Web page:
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How to insulate a cathedral ceiling under an exposed metal roof?

Jennifer Duffy | Posted in GBA Pro Help on

Hello,

I am in the process of building out a small log building on my property into a livable space for my older kids. It is 24×24 and the downstairs hasn’t been a problem so far. What I am unsure about is how to insulate the ceiling in the attic into a small “A” roof bedroom space. The joists are 24″ OC and I have ordered ProVent batts to create an air space between the metal roof and the insulation. I live in rural Maine, so the winters are LONG and COLD. Once the batts are in place I will only have about 8-9 inches of space for insulation. The downstairs will be heated with a Pellet stove and there is also Gas heat available in the carriage house if needed (which I don’t anticipate needing).

I will be finishing the entire attic space with Shiplap (ceiling and the knee walls on each side). Is there anything I would need to put between the purlins, batts, insulation and the shiplap to properly insulate the room and protect the Joists from damage?

Many thanks!
Jen

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Replies

  1. GBA Editor
    Martin Holladay | | #1

    Jennifer,
    First of all, you need to create a ventilation gap and an air barrier at the top of your insulation assembly. If your metal roofing is installed on purlins, the easiest way to create an air barrier would be to install a 1-inch layer of rigid foam (EPS will work) tight to the underside of the purlins in each rafter bay. The perimeter of each piece of rigid foam should be air sealed with caulk, canned spray foam, or high quality tape. Seams between adjacent pieces of rigid foam should also be sealed.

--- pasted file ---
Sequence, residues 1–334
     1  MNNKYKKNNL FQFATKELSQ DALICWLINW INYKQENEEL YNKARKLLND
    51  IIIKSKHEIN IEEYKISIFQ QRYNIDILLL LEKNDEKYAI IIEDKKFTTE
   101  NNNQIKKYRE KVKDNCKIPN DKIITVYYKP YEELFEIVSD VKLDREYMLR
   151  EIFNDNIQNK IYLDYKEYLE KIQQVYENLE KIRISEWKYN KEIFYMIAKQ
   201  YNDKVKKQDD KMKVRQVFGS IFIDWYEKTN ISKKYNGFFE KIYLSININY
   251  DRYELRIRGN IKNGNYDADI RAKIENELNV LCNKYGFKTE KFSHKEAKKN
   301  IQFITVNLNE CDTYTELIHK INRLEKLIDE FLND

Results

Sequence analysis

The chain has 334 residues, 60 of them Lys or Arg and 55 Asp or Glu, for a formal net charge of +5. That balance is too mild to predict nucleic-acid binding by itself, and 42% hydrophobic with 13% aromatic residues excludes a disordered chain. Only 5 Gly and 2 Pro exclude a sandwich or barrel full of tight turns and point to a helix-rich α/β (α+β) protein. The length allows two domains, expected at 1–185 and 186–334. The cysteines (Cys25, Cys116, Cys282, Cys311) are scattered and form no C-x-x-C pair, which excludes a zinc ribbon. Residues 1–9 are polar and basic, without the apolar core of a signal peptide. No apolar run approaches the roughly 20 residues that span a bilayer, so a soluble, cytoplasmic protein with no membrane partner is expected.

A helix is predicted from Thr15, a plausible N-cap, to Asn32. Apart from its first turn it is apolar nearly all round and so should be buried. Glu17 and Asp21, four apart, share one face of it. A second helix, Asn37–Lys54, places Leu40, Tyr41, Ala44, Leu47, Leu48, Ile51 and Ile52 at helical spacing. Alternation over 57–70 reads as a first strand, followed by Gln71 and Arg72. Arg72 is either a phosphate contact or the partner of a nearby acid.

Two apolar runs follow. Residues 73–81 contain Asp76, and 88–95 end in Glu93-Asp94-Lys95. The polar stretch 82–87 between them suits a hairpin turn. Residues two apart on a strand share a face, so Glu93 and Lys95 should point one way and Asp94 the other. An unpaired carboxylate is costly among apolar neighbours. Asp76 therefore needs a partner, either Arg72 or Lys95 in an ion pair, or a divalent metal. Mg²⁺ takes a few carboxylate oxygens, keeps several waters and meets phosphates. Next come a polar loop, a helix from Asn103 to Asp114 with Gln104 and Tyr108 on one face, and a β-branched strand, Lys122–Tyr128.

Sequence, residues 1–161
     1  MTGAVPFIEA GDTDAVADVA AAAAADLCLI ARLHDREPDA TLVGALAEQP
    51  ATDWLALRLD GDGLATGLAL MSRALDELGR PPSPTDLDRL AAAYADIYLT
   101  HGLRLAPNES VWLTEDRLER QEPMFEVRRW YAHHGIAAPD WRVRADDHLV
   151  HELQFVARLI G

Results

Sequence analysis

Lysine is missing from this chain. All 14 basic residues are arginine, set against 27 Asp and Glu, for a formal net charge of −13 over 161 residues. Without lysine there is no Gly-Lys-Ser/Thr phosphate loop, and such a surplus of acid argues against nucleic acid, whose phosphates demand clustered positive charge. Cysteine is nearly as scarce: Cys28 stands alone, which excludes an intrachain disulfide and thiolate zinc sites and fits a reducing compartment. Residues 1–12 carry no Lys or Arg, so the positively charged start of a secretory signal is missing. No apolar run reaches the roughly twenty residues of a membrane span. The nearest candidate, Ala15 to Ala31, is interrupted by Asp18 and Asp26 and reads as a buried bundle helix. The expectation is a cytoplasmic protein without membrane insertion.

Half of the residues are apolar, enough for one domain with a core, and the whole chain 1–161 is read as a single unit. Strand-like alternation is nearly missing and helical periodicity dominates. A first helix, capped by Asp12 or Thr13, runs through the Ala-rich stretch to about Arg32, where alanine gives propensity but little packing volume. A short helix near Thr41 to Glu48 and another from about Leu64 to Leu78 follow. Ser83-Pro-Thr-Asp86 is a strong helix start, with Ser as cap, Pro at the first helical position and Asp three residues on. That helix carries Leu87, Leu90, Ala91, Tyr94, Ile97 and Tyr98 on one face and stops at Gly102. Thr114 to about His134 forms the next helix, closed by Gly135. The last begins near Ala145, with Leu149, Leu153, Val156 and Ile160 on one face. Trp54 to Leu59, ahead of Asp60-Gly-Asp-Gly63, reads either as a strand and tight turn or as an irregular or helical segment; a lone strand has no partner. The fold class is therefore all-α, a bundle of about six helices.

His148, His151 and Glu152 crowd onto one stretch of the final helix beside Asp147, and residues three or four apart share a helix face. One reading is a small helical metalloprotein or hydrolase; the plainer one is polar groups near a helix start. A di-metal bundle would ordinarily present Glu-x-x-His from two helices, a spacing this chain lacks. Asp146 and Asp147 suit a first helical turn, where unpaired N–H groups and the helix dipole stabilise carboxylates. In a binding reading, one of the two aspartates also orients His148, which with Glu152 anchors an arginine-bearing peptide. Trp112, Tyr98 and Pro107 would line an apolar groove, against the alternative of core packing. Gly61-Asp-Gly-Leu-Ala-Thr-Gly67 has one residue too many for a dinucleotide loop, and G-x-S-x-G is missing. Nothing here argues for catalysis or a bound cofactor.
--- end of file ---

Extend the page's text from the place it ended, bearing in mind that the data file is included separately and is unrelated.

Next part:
If you install 1 inch of rigid foam in this manner, you will only have 8.25 inches left in your rafter bays (assuming that your rafters are 2x10s). To install the minimum needed R-value of R-49 -- or R-45 if you count R-4 for the rigid foam -- you could install about 7 inches of closed-cell spray foam. If you want to install 13 inches of fiberglass batts instead, you will need to scab on additional framing to make your rafters deeper.

    For more information on these issues, see How to Build an Insulated Cathedral Ceiling.

  2. GBA Editor
    Martin Holladay | | #2

    Jen,
    One more point: if you choose fiberglass batt insulation, you will also need an air barrier on the interior side of your fiberglass batts. Shiplap boards are not an air barrier, so you will first need to install a layer of taped gypsum drywall on the interior; after the drywall is taped, you can install shiplap boards if you want.

  3. Howard Gentler | | #3

    A couple of thoughts:

    Aside from drywall as an interior air barrier, Jen could use rigid foam of 1 or 2 inches, well sealed with tape/caulk/foam. This would have the benefit of adding R value (8 -12 with 2" of foam), valuable here due to the limited rafter bay depth. Furring strips would then be needed to hold the foam and attach the boards, so more expensive than drywall.

    And I was wondering about putting rigid foam tight to the purlins beneath the roofing metal. Specifically, I'm thinking the purlins would be horizontal (across the rafters), so there would be an air space but not the typical type with soffit to ridge vent air movement. This would appear to be a cold but dead air space. Does this work okay in this situation? I have a similar air space on my house, but I have a cold attic (gable roof) and that above deck air space was really just for attaching the roofing metal.

  4. GBA Editor
    Martin Holladay | | #4

    Howard,
    In my experience, the air space between purlins adequately ventilates the underside of metal roofing. Although rake-to-rake venting is unusual, it works. (Verify that your local building inspector accepts this approach before proceeding, however.)

    The main purpose of the air space is to encourage evaporation of any condensation that drips off the underside of the metal roofing. Ideally, the roof assembly includes a layer of asphalt felt under the purlins; this asphalt felt is best installed over a continuous layer of OSB or plywood sheathing.

    Jennifer lacks the continuous layer of roof sheathing, unfortunately. Well-sealed rigid foam is not as good as asphalt felt -- but it should work well enough to hold the condensation in place until it can evaporate.

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